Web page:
“There’s a lot of misinformation and lack of understanding about the river and all of the different, amazing things it delivers to our region and to the nation,” said Kristin Meira, executive director of the association.

Ads are running in magazines throughout Washington state and on Facebook.

Meira said the campaign will run through early January.

The abundance of misinformation is “really unfortunate,” she said.

“It ends up doing a disservice to the very species we’re all interested in helping, whether it’s salmon or orca,” she said. “The idea you can do one action in one area and have those species recover is unfortunately just not how it works. But unfortunately, those very simplistic messages are being delivered all around the region, including to our decision makers.”

The association relies on information from federal agencies, particularly NOAA Fisheries, on species recovery and to highlight the impact of the dams.

Meira said a colleague put out a call for information about the number of jobs the dams provide over the summer.

d Pacific Northwest wheat farmers like Marci Green of Fairfield, Wash., rely on the Columbia-Snake River System and its locks and dams to efficiently move wheat to export elevators.

Fairfield, Wash., wheat farmer Marci Green is featured in the campaign.

“Just like every farmer in Eastern Washington, most of our wheat is exported,” Green said. “The most fuel-efficient and cost-effective way for us to get our crops to the ports in Portland and Vancouver is by truck and barge on the Snake and Columbia River.”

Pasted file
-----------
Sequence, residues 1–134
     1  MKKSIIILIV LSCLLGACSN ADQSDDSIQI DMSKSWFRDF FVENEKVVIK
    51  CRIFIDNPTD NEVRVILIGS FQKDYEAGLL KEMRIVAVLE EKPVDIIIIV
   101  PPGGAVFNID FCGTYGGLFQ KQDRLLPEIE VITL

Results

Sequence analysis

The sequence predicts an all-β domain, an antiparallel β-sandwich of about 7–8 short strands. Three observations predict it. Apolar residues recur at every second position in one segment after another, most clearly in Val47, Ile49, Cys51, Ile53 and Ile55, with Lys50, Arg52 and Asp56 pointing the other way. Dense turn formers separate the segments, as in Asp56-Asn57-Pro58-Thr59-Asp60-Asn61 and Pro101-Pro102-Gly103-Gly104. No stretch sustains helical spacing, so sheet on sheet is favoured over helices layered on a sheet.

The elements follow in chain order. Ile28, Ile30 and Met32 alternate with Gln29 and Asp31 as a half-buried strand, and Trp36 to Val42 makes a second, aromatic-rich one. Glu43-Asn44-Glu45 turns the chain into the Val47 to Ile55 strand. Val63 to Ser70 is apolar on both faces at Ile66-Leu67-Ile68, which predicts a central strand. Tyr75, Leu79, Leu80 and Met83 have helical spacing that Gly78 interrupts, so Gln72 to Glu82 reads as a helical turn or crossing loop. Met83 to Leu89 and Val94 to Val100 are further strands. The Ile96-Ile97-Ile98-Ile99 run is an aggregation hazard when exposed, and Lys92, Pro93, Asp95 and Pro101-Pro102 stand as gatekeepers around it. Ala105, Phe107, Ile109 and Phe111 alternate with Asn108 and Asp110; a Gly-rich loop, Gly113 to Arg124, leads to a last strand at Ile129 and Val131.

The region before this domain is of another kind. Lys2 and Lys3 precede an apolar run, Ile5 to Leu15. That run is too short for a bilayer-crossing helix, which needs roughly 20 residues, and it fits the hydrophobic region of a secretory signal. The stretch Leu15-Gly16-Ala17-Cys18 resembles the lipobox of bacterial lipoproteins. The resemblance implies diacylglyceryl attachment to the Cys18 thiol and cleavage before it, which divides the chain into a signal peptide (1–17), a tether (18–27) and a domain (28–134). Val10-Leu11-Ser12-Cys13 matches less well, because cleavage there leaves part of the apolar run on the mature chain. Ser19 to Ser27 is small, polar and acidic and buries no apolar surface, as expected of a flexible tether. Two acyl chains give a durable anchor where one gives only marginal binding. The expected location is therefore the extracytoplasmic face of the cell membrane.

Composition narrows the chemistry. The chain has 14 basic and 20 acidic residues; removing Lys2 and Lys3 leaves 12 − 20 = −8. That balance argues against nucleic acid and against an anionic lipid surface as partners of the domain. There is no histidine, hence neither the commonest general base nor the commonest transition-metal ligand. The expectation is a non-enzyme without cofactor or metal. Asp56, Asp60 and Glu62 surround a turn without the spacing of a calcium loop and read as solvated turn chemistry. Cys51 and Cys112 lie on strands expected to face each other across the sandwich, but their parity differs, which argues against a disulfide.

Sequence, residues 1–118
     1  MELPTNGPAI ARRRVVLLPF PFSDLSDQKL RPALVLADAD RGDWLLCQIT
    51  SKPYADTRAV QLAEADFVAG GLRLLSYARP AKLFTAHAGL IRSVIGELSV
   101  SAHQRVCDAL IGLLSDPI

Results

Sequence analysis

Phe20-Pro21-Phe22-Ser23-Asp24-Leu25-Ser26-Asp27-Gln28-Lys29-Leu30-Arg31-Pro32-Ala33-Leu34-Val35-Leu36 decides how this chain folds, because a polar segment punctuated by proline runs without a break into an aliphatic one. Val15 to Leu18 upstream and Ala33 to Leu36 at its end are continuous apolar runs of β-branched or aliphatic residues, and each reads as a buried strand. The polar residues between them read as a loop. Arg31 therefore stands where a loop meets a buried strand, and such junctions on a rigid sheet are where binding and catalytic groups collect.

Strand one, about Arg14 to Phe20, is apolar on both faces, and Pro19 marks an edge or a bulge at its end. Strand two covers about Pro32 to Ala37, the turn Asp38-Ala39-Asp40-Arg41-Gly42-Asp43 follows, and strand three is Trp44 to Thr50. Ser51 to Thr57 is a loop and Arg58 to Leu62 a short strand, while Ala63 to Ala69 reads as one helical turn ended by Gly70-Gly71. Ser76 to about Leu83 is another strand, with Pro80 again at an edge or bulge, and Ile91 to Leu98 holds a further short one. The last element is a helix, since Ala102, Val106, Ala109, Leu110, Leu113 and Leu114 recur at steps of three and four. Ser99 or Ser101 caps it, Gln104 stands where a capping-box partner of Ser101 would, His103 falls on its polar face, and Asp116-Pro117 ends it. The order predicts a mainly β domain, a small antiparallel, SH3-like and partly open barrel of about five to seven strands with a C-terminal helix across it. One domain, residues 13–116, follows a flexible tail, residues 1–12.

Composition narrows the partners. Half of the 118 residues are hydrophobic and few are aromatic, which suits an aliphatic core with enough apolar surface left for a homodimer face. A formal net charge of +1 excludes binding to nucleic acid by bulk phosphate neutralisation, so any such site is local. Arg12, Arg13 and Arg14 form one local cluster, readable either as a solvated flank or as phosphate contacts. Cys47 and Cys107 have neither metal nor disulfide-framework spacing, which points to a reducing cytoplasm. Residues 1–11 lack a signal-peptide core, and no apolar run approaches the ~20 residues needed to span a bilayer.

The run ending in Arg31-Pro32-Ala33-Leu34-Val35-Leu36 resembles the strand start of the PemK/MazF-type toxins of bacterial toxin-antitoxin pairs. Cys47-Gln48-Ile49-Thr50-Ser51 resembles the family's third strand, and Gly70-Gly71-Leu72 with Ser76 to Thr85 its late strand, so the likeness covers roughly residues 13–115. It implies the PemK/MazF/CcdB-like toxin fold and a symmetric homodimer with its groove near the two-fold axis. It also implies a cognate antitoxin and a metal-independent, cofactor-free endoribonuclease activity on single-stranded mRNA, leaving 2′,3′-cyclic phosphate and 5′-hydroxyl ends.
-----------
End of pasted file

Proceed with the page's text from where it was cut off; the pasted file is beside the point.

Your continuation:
Barges using locks at the Snake River dams move nearly 10 percent of all U.S. wheat exports to international markets most years.

“Anything we can do as the agricultural industry to get the word out and communicate why the river system is important to our industry and to the economy of the whole state and the Pacific Northwest, we need to do,” Green said.

The association also asks residents to provide comments to an online questionnaire offered by consultants hired by the office of Washington Gov. Jay Inslee to gather and summarize the effects of retaining or removing the four dams. Responses will go into a report to Inslee.

Meira said it’s too early to tell whether efforts to combat the misinformation are making a dent.